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24 August 2012 at 11:19 BST

English regulator predicts high profile ABS 'failure'

A senior official at the body regulating English law firms threw a grenade into the debate over legal profession reforms yesterday, suggesting that it is almost a certainty that one of the newly-minted alternative business structures will fail.

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Ann Morgan, the head of the Solicitors Regulation Authority team assessing ABS applications, told the Financial Times: ‘I’m sure there will be an ABS that fails.’ But she firmly maintained that it was for market factors to drive the success of alternative structures and that it was not the authority’s role to intervene in the process.

Sensitive time

Her comments come at a sensitive time in the evolution of ABSs. Earlier this week, the SRA doled out two of the three most significant licences so far – the first multiple award to Sheffield-based national law firm Irwin Mitchell, and the other being the first to a firm with private equity backing, Parabis Law. In May, the authority granted a licence to the first high street retailer, the Co-op, and up to now it has granted a total of 20 licences.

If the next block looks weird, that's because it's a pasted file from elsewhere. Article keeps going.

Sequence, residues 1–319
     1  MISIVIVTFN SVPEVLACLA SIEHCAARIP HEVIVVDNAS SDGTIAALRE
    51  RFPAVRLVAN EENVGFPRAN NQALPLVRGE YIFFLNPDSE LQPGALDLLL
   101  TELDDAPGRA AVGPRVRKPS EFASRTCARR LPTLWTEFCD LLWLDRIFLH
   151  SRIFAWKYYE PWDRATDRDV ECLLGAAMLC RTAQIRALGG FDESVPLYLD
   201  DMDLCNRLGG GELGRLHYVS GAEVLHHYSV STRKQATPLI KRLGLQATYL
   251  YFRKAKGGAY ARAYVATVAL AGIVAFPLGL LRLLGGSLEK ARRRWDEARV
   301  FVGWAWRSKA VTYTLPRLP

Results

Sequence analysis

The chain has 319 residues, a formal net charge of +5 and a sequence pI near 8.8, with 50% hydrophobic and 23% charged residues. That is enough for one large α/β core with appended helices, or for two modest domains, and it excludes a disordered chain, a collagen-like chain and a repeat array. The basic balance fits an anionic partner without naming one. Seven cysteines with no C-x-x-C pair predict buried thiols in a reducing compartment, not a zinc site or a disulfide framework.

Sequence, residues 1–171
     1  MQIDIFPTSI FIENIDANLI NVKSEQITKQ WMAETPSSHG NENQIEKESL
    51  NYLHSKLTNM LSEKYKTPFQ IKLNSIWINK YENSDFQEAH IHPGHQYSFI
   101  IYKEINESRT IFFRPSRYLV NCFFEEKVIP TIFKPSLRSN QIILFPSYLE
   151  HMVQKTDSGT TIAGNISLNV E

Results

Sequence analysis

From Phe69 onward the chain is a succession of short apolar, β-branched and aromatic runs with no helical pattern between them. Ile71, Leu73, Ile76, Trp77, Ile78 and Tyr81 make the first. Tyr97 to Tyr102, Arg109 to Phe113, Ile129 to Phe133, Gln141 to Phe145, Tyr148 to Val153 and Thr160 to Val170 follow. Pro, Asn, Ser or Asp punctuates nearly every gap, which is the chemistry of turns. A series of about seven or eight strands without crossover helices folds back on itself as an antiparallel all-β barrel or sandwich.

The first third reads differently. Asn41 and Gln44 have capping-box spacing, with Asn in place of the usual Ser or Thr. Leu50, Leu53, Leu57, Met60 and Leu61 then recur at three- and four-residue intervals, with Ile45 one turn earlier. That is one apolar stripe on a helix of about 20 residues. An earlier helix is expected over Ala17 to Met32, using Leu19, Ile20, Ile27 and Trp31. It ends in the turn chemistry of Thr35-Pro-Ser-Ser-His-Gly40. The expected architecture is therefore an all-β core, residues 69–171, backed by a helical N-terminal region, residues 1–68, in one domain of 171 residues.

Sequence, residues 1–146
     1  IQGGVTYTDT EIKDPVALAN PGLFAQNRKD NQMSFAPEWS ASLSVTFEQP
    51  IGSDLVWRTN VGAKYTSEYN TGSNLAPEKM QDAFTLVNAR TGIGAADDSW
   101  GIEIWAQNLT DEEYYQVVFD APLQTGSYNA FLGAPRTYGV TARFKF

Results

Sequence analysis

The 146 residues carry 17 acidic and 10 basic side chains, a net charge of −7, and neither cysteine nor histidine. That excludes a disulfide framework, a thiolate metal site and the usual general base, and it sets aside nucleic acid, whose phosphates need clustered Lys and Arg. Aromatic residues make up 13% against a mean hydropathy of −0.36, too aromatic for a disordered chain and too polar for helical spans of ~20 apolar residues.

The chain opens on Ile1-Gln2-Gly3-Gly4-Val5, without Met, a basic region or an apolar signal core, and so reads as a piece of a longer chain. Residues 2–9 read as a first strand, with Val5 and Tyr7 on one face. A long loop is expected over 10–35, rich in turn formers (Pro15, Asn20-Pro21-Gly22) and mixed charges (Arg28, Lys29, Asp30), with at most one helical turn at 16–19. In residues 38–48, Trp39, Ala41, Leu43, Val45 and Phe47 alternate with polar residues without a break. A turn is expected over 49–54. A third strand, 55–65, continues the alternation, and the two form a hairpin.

ABSs continue to spark debate within the English and global legal professions. Many consider the ability of law firms to accept injections of external capital as compromising the integrity of lawyers’ independence, with professional bodies in the US and Europe adamantly opposed to the structure.

Market forces

Ms Morgan told the newspaper it was not the SRA’s job to ‘say this firm isn’t a suitable firm because it may fail in the future. It is for us to challenge the firm, and for them to come up with appropriate arguments’. She continued to say that if there is a high-profile ABS failure, the SRA will ‘get looked at to see whether or not we could have prevented it, but I don’t think that’s the nature of the market’.
The SRA official also confirmed that the English authority is currently reviewing the recent spectacular downfall of New York-based global firm Dewey & LeBoeuf. According to the report, the regulator is involved on the UK side of the Atlantic because the bankrupt firm’s London office was guarantor to the worldwide practice’s bank debt and private placement.

 
   
 
 
 

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